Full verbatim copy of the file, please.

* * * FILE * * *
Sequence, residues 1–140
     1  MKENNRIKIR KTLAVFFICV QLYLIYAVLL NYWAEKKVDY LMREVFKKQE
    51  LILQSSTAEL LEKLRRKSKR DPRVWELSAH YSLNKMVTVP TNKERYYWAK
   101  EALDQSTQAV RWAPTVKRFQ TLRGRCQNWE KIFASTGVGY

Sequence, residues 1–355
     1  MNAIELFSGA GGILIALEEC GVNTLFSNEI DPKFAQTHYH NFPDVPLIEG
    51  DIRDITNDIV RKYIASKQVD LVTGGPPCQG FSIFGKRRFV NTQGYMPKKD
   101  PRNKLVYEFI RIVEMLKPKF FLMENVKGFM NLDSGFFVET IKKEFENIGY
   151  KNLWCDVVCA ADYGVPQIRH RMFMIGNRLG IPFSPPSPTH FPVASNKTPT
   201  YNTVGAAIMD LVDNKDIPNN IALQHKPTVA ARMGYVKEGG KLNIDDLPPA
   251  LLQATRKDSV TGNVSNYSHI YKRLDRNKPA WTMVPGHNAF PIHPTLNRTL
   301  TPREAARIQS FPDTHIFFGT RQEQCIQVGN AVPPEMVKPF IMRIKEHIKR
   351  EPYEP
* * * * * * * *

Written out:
Sequence, residues 1–140
     1  MKENNRIKIR KTLAVFFICV QLYLIYAVLL NYWAEKKVDY LMREVFKKQE
    51  LILQSSTAEL LEKLRRKSKR DPRVWELSAH YSLNKMVTVP TNKERYYWAK
   101  EALDQSTQAV RWAPTVKRFQ TLRGRCQNWE KIFASTGVGY

Sequence, residues 1–355
     1  MNAIELFSGA GGILIALEEC GVNTLFSNEI DPKFAQTHYH NFPDVPLIEG
    51  DIRDITNDIV RKYIASKQVD LVTGGPPCQG FSIFGKRRFV NTQGYMPKKD
   101  PRNKLVYEFI RIVEMLKPKF FLMENVKGFM NLDSGFFVET IKKEFENIGY
   151  KNLWCDVVCA ADYGVPQIRH RMFMIGNRLG IPFSPPSPTH FPVASNKTPT
   201  YNTVGAAIMD LVDNKDIPNN IALQHKPTVA ARMGYVKEGG KLNIDDLPPA
   251  LLQATRKDSV TGNVSNYSHI YKRLDRNKPA WTMVPGHNAF PIHPTLNRTL
   301  TPREAARIQS FPDTHIFFGT RQEQCIQVGN AVPPEMVKPF IMRIKEHIKR
   351  EPYEP